There are no such teenagers who have to be full. There are diseases with which excess weight is gained faster, and there are a number of genes that “help” the body accumulate fatty tissue faster. However, scientists argue that the roots of family obesity are not at all in the genes, but in the wrong lifestyle that the child learns from adults. And before sports, genes give in: a study by European scientists showed that even with genetically determined obesity, 60 minutes of sports a day help teenagers return to a normal body mass index.
However, not every adult can train for an hour a day, let alone children. Especially if the teenager is already not particularly active physically or is shy of his body. This is where parents are most needed. It is you who can help your child train for an hour a day. The goal is to start small and provide role models and support on the difficult path to a healthy weight. MedAboutMe has 5 tips to help your teen start exercising and stay motivated.
Children (and adults) who are not accustomed to physical activity are able to endure a fairly small load - the moment when you want to quit everything and relax comes very quickly. So start small, like taking a ten-minute walk after class. Even if such activity seems serious, walk every other day.
Every day add one minute to the duration of the walk. But (important!) do not do it fraudulently, tell the child how much you walked today and let him track his progress himself.
Breaking down one goal into many smaller ones helps everyone: the “eat the elephant piece by piece” tactic is also used in business processes. Children need it too: understanding that minutes will eventually turn into an hour increases the motivation to study.
You can also negotiate rewards for a certain number of minutes of training.
Even such small achievements and successes build self-confidence and encourage you to make training a part of your daily schedule. Praise for accomplishing tasks, encourage the desire to be healthier.
More recently, scientists at the University of Kentucky found that screen time alone does not lead to obesity (and before that, a study was published that monitors do not contribute to the development of myopia). But both of these conclusions work only in one case: if the child is not only sitting at the screen. So, if you combine games on the tablet with sports, it is clear that you will not gain excess weight.
About the myth about the effect of monitors on vision and why children actually need glasses more often, read the article "Three Common Myths About Children's Health: Check Yourself!" ".
However, all the time that the child spends at the TV or computer is the time of inactivity. Pediatric experts advise limiting screen time to two hours a day, so you can and should set rules for using devices in the home (remember to set a good example and put your phone away when you eat or talk).
And if you watch TV together, try the following:
- Breaks: It’s good if there are commercial breaks in which you can warm up, raise your legs or do push-ups from the wall.
- Even if the child does not want to repeat after you, he will notice what exactly you are doing and, perhaps, will begin to do the same when you are not around. So don't stop.
- Keep small sports equipment near the screen - light dumbbells, balls and "bagels" for squeezing in your hands and use them while watching.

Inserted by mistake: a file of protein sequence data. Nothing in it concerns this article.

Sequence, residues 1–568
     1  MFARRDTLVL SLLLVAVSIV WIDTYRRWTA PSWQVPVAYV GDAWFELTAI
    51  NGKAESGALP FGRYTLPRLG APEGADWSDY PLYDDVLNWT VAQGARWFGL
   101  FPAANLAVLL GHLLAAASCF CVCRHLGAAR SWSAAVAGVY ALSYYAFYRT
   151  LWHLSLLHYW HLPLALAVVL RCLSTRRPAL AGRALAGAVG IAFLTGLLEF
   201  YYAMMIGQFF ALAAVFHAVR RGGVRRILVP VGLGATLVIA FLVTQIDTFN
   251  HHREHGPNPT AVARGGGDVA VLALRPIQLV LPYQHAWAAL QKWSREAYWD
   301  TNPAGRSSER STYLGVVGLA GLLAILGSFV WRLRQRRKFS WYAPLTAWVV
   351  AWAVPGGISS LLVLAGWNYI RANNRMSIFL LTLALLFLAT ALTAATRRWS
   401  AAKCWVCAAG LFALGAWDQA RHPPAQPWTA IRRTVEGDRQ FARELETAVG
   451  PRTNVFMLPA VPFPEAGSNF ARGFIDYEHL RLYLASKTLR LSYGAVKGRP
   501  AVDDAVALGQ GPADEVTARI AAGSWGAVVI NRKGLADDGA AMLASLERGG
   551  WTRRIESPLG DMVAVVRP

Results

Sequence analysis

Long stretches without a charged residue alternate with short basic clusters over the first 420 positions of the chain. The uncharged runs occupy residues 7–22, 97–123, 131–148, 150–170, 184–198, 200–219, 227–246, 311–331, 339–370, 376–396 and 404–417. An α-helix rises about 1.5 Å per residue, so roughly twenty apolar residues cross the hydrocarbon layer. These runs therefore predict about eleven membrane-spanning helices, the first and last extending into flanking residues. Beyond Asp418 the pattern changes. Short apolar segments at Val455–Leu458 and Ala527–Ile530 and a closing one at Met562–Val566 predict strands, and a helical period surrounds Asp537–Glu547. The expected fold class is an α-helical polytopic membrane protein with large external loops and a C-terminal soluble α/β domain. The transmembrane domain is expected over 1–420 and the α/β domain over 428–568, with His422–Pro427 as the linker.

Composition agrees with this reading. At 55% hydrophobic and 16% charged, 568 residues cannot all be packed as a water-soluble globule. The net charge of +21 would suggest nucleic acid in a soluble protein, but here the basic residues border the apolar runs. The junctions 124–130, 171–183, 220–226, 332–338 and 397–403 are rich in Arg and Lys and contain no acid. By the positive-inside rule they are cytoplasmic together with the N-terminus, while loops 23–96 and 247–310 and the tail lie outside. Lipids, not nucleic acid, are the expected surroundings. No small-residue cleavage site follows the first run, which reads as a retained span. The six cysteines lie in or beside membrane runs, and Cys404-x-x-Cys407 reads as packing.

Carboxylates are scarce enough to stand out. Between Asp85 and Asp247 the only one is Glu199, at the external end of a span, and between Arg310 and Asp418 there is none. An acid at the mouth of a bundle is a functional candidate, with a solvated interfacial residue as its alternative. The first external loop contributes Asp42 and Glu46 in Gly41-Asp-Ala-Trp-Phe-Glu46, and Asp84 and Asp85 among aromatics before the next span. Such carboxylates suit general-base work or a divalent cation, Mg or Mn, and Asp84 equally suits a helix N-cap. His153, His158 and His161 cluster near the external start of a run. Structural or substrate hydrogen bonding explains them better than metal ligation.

This fitness-oriented TV viewing can motivate kids (and benefits adults).
The best training program is not one that promises great results, but one that a person will actually perform. So think about what might motivate a child to be physically active other than the thought of health and weight loss. And get creative.
Does your teen love the outdoors or are they interested in animals? Get a dog and sign him up for classes with the owner on the playground, choose walks in different parks, look at weekend group hiking programs, find bird watching groups or courses at the zoo. Love for anime or action movies, movies about dancing or performances - all this can and should be used to lift a teenager from a chair.
Any step away from the bed has a health impact. This should also include chores around the house and outside of it: plan joint cleaning, involve the child in shopping trips, caring for the local area, a volunteer clean-up in the park - any activity where you need to do more than just sit.
If a teenager enjoys watching competitions or films about any sport, they may also secretly like to start playing it, but do not know how to do it. It is useful for overweight teenagers to join sports teams that are formed not by age, but by the skills of the participants.
Another option is to find a coach who will include the child in a team of adult beginners to reduce the likelihood of ridicule from peers. Such groups are usually created for amateurs. Bonus: You can go to training together and set an additional good example.
If team and competitive sports are not to your liking, encourage running, cycling, dancing, skateboarding - any sport and any level of activity is better than none.
An American Academy of Pediatrics study shows that strength training three times a week significantly reduces body fat and increases muscle mass and endurance in obese adolescents.
The fitness center is definitely a great option. However, it is this option that often confuses overweight or untrained teenagers. The good news is that strength training doesn't require a lot of machines. Push-ups, crunches, weight lifting, and resistance band exercises can all be done at home.
Just be sure to discuss these activities with your doctor first. How you can organize such classes at home, read the article "Strength fitness training at home".